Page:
MOUNDS VIEW, Minn. -- With all the talk about small business being America's lifeline we found one owner who knows all too well, all talk and no action has put Main Street on its death bed.
"The government has made it impossible for small business to survive," Larry Lurcat, owner of the now closed Corvette Specialties store in Mounds View said Friday.
What is closing Larry's shop is a gross unfairness in state and federal tax law.
For every Corvette part Larry sells, he adds the required sales tax.
And for every Corvette part sold online, to customers in Minnesota from ANY retailer that doesn't have a store in Minnesota, no tax at all.
It ended Larry's dream to sell Corvette parts until retirement.
And it's wiping out hundreds of millions of dollars Minnesota could collect and spend on any number of things.
"We estimate that in 2011 we lost about 400 million dollars in sales tax revenue from people buying items outside of the state of Minnesota," Commissioner of the Minnesota Department of Revenue Myron Frans said.
In theory, a person in Minnesota who spends more than $770 dollars online in a year should file what is called a Use tax form and pay the state taxes on those items.
In 2011 only 581 people filed that form with the state and Frans know more than 581 people spent that much and more online.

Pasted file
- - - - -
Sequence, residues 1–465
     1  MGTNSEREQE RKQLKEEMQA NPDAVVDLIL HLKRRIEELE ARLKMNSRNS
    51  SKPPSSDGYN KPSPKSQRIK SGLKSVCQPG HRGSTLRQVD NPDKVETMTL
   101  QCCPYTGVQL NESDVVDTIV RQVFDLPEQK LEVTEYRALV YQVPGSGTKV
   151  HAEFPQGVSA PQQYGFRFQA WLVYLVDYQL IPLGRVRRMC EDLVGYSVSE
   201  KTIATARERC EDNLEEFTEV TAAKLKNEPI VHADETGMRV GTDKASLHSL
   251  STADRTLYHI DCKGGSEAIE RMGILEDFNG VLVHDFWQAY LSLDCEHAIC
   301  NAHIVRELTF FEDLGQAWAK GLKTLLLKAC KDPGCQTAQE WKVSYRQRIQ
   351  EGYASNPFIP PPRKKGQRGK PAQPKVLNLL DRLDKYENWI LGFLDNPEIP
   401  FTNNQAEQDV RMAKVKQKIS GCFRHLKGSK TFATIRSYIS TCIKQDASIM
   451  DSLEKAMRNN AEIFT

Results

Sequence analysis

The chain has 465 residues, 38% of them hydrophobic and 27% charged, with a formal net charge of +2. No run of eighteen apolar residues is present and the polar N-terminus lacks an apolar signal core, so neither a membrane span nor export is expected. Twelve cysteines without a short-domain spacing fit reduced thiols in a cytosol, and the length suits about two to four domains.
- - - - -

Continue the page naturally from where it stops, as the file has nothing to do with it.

But there is a kink in federal law that doesn't mandate the online seller who does not have a brick and mortar store to collect sales tax on a transaction with a buyer in this state.
Think of a company like Amazon.
It doesn't have a store in this state and in fact, not in most states.
So buyers from all of those places aren't paying taxes on what they purchase.
Frans thinks that should change.
"The local Main Street business isn't getting the sale, we are not getting the sales tax revenue so it is a double loss for Minnesota," Frans said.
Only Congress can require all remote sellers, online sellers who have Minnesota customers, to collect sales tax based on the product destination.
Right now Senator Amy Klobuchar has co-signed a bill with Montana Republican Senator Mike Enzi and fellow Democrat Dick Durbin to end this unfairness.
The bipartisan Marketplace Fairness Act would give states the authority to require out-of-state businesses, including online retailers, to collect sales taxes if a state meets certain requirements, including an easily identifiable tax rate, uniform tax-base rules, and centralized filing.
The legislation is too little too late for Larry Lucast.
He sold his business last week to a man in South Dakota.
So much for small business being the American Dream, at least for Larry.
"I just, I can't afford to support the business out my own pocket just for the fun of being here," Larry said.